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Tiger of Indian Cricket: Mansur Ali Khan Pataudi (1941-2011)

Aristocracy and cricket is a difficult combination to find these days. The death of Tiger Pataudi leaves a space in the Indian Cricket fraternity that will be felt by both the old and the young for years. A Siliconeer tribute.

Congress Party general secretary Rahul Gandhi
(Above): “A bad captain can make a great team look ordinary,” Mansur Ali Khan had said. Born a prince, the 9th and the last Nawab of Pataudi, he was called Tiger Pataudi by his avid fans, for the sheer glamour and the aristocratic air that was only natural to him. (Source: Technorati | A. Mohit) (Below): A more recent photo of Mansur Ali Khan Pataudi.

Tiger Pataudi, an Indian cricketer and one-time captain of the Indian cricket team, died of respiratory failure due to acute lung infection, Sept. 22. He was 70.

Among the many laurels that rest on him, he was the ninth and last Nawab of Pataudi until 1971 (India abolished royal entitlements through the 26th Amendment to the Constitution of India).

Pataudi Jr., as Mansur was known during his cricket career, was a right-handed batsman and a right-arm medium pace bowler and was Indian cricket team’s captain in 40 of his 46 tests from 1961-75, scoring 2,793 runs with six centuries.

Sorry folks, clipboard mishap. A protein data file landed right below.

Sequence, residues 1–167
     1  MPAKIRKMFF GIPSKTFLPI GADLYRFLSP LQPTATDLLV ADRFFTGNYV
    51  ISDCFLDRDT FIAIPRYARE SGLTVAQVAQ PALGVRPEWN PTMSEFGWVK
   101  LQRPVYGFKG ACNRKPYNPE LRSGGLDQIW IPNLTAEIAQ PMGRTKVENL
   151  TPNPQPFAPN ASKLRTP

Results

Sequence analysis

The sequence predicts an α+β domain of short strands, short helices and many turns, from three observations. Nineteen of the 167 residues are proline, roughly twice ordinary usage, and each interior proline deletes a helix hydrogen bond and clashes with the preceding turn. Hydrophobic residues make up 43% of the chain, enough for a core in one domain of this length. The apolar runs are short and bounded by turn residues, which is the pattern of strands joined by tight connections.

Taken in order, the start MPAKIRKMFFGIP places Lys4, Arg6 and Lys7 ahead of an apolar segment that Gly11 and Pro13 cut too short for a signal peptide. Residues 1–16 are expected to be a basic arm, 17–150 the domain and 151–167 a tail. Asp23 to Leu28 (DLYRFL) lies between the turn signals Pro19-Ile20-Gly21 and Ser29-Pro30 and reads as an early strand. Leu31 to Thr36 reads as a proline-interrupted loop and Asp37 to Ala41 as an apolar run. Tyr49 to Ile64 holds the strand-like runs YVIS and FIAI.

He adjusted his batting style well despite the loss of sight in his right eye due to a car accident early in his career.

Pataudi became captain at 21 and won nine tests while leading India over New Zealand 3-1 in 1968 for its first series victory away from home.

A charismatic leader and dashing batsman, Pataudi is credited with changing the mindset of Indian cricketers. The more positive approach in subsequent years saw India win a pair of epic series in England and the West Indies in 1971 under his successor, Ajit Wadekar.

He also captained English county Sussex and Oxford University and was named Wisden cricketer of the year in 1968.

His laurels also include the prestigious Arjuna Award (1964) and Padma Shri (1967).

Congress Party general secretary Rahul GandhiCongress Party general secretary Rahul Gandhi(Above, left): Sharmila and Pataudi in England watching a game of Cricket, circa 1969. (Source: Sunny | Saree Dreams) (Right): An old photo shows the bride and groom Sharmila and Mansur.

After retiring from the game, Pataudi was a match referee for the International Cricket Council, a consultant with the Board of Control for Cricket in India, and a governing council member of the Indian Premier League.

Mansur Ali Khan Pataudi was married to actress Sharmila Tagore. They had three children, Saif, an actor; Soha, an actress; and Saba, a jewelry designer.

His death comes as a huge loss to the Indian cricket fraternity. Sunil Gavaskar, a veteran cricketer said, “Tiger Pataudi was the most charismatic cricketer of his generation. To bat with almost zero vision in one eye and still to score nearly 3000 runs and half a dozen centuries in Test cricket tells you what a genius he was. He will be terribly missed and it’s a huge loss to the game of cricket.”

As the ultimate destroyer of West Indies fearsome pace quartet in West Indies, nobody knows better than Sunil Gavaskar, how difficult it is to play against a genuine fast bowler even with two eyes.


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